During my first pregnancy I assumed breastfeeding would be easy – a second nature. I was young, healthy and under the impression that, as women, our bodies are equipped to provide sustenance for our young, so never anticipated having to rely on formula to combi-feed my baby. I felt confident that breastfeeding would come easily and was programmed to believe there was no other (acceptable) means of feeding her once she arrived. I had witnessed stigma surrounding formula feeding and felt a silent pressure to breastfeed. The women in my family, though, have all breastfed and had different experiences in terms of ease, which has meant they’ve been able to offer varied and invaluable advice and support when I’ve needed it.
This is my second breast feeding journey (so far),
my first lasted around 16 months and was quite difficult (emergency c-section and baby in SCBU led to delay in milk production and compromised supply in the early stages). My baby was initially combination fed as a result, whilst I struggled to increase supply and meet demand. Before the birth of my second daughter, I felt a lot less confident that I’d be able to exclusively breastfeed. Although I was adamant that I wanted to avoid it if possible, I had mentally prepared myself to combi-feed and anticipated difficulties with milk production.
As we were separated following a difficult birth, I was unable to breastfeed for the first two days. We managed one feed straight after surgery and then she was rushed to SCBU and incubated for the next 48 hours, resulting in her being syringe fed formula. I attempted to hand express colostrum but due to the stressful natured of the situation I struggled to do so which in turn led to poor milk production.
My first baby also had a cow’s milk allergy that wasn’t identified immediately which caused discomfort for her and distress for both her and I, as she wouldn’t settle after feeds. Luckily, I was able to increase supply by pumping between feeds and taking Fenugreek supplements, which enabled us to transition into exclusive breastfeeding. Eventually, I was able to breastfeed for 4 months longer than anticipated. I had intended initially to feed for a year however, due to her allergy, we extended this time frame to 16 months.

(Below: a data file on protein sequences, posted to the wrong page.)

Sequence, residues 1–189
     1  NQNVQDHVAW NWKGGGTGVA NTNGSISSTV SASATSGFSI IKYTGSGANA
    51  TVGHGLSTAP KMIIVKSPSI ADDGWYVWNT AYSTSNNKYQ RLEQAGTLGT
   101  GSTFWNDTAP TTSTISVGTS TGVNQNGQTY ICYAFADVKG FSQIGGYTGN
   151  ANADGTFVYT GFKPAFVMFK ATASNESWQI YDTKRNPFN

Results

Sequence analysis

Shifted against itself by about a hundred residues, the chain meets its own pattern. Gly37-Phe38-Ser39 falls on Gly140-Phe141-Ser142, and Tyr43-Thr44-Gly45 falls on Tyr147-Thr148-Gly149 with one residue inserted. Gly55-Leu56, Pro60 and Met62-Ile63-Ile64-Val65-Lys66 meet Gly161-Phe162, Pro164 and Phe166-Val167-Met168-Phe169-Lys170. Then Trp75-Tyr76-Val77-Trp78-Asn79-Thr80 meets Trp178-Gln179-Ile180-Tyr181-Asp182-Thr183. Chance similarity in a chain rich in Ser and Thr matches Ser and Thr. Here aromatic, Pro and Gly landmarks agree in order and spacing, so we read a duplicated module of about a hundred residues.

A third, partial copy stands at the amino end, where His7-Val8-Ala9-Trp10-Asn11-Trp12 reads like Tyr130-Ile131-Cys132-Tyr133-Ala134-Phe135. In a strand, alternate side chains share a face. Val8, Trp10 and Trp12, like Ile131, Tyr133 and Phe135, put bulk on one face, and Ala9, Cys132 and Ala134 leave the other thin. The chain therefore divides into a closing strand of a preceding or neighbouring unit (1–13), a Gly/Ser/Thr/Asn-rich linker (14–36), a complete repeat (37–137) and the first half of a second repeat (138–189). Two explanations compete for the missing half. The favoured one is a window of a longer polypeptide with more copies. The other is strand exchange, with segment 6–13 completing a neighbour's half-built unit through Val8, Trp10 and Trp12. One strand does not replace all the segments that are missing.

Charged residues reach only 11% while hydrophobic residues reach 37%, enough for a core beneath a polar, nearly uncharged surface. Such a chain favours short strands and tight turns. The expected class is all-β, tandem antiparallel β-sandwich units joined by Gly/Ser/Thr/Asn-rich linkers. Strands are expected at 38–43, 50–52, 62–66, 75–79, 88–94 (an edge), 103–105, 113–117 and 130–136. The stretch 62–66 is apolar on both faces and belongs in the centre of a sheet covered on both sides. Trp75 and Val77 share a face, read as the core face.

With baby number two, I planned to exclusively breastfeed if I could but expected difficulties and took formula to the hospital as a backup. Thankfully, we were able to avoid formula completely as breastfeeding came naturally, with baby latching first time round and feeding for over an hour whilst we were in recovery post c-section. We’ve actually managed to exclusively breastfeed for 5 and a half months with no issues.
My second journey has been a breeze in comparison to my first. While my first born took lots of coaxing, my second pretty much threw herself at the nipple at the first encounter and has latched really instinctively ever since. There haven’t been any physical complications but I’ve definitely experienced difficulties with feeding anxiety and worrying that I’m not producing enough milk for my baby to thrive.
In terms of breastfeeding in public, personally I breastfeed whenever my baby is hungry, wherever that may be. With my first I fed on buses, trains, planes, in cars, parks and restaurants. But with my second, due to COVID-19 we haven’t been in public as often but on the odd occasion that we’ve been in a restaurant, I’ve fed her proudly and comfortably. We’ve also fed in the car whilst parked outside of her sister’s school and in waiting rooms at doc/hospital appointments.
I expressed to increase milk production with my first baby and found it quite difficult, uncomfortable and tedious, using a manual pump. With baby number two, I’ve expressed as a means of allowing her older sister to feed bond with her, I’ve also expressed to allow Dad the chance to bond and most recently to store milk as a blending agent ahead of our upcoming weaning journey. This time round we’ve opted for an electric pump and had much better results, making this journey much more successful.